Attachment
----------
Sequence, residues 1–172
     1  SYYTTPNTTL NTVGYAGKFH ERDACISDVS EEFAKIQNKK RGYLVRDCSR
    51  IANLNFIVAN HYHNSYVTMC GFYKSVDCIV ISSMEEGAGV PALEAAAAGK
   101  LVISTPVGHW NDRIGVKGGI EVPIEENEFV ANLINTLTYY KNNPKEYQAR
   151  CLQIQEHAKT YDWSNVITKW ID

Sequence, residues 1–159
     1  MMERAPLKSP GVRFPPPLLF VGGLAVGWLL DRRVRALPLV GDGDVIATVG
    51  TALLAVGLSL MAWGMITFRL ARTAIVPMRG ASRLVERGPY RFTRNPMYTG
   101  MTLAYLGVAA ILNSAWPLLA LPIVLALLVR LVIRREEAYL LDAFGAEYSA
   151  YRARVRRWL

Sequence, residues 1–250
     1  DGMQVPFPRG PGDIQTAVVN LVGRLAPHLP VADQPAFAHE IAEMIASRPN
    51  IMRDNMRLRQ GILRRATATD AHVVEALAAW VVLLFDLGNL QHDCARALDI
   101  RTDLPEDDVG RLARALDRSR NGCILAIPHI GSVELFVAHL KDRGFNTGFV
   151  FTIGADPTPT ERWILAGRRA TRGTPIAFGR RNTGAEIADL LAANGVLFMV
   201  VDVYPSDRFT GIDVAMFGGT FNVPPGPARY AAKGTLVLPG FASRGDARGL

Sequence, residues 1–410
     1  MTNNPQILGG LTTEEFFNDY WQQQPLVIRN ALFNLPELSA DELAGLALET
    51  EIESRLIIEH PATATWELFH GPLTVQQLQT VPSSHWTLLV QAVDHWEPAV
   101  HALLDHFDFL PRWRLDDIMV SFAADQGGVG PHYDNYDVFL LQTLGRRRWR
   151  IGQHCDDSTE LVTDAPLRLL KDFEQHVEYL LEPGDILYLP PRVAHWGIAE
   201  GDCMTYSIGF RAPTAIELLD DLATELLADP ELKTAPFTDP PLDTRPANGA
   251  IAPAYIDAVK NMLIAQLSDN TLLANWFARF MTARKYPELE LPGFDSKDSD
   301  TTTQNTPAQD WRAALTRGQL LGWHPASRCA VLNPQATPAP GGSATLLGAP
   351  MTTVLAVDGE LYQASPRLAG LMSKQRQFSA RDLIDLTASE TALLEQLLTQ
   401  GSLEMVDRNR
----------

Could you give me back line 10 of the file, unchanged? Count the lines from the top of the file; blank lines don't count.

   151  YRARVRRWL